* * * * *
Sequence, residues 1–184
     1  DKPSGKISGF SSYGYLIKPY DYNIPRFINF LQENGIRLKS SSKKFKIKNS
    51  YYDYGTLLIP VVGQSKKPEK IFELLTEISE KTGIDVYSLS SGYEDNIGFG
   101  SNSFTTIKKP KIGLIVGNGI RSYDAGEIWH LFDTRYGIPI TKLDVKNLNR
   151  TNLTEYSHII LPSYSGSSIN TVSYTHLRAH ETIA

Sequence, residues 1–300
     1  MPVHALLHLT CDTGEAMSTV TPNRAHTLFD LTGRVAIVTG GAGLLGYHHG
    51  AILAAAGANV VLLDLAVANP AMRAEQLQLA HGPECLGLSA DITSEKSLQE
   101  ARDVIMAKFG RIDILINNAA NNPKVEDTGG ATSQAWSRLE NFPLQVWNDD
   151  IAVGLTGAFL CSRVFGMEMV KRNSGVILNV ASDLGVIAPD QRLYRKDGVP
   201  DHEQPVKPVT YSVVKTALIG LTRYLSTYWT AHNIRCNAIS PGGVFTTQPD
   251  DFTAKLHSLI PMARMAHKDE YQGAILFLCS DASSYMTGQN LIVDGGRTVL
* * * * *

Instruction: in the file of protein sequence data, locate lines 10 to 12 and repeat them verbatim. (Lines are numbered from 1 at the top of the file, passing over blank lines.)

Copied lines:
   151  IAVGLTGAFL CSRVFGMEMV KRNSGVILNV ASDLGVIAPD QRLYRKDGVP
   201  DHEQPVKPVT YSVVKTALIG LTRYLSTYWT AHNIRCNAIS PGGVFTTQPD
   251  DFTAKLHSLI PMARMAHKDE YQGAILFLCS DASSYMTGQN LIVDGGRTVL